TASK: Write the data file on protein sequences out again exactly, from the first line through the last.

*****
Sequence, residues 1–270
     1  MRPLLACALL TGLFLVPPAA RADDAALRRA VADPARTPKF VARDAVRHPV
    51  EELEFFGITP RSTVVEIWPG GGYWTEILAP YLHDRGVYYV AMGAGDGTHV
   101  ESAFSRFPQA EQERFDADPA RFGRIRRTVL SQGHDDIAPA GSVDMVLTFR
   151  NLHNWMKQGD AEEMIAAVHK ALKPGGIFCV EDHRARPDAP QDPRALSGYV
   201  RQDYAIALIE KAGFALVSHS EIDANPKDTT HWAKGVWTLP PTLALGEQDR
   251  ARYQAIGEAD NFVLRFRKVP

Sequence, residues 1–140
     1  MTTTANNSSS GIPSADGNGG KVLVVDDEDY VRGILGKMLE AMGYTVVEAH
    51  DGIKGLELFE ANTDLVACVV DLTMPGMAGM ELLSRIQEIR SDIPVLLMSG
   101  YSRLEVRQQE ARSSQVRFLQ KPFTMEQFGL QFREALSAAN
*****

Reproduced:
Sequence, residues 1–270
     1  MRPLLACALL TGLFLVPPAA RADDAALRRA VADPARTPKF VARDAVRHPV
    51  EELEFFGITP RSTVVEIWPG GGYWTEILAP YLHDRGVYYV AMGAGDGTHV
   101  ESAFSRFPQA EQERFDADPA RFGRIRRTVL SQGHDDIAPA GSVDMVLTFR
   151  NLHNWMKQGD AEEMIAAVHK ALKPGGIFCV EDHRARPDAP QDPRALSGYV
   201  RQDYAIALIE KAGFALVSHS EIDANPKDTT HWAKGVWTLP PTLALGEQDR
   251  ARYQAIGEAD NFVLRFRKVP

Sequence, residues 1–140
     1  MTTTANNSSS GIPSADGNGG KVLVVDDEDY VRGILGKMLE AMGYTVVEAH
    51  DGIKGLELFE ANTDLVACVV DLTMPGMAGM ELLSRIQEIR SDIPVLLMSG
   101  YSRLEVRQQE ARSSQVRFLQ KPFTMEQFGL QFREALSAAN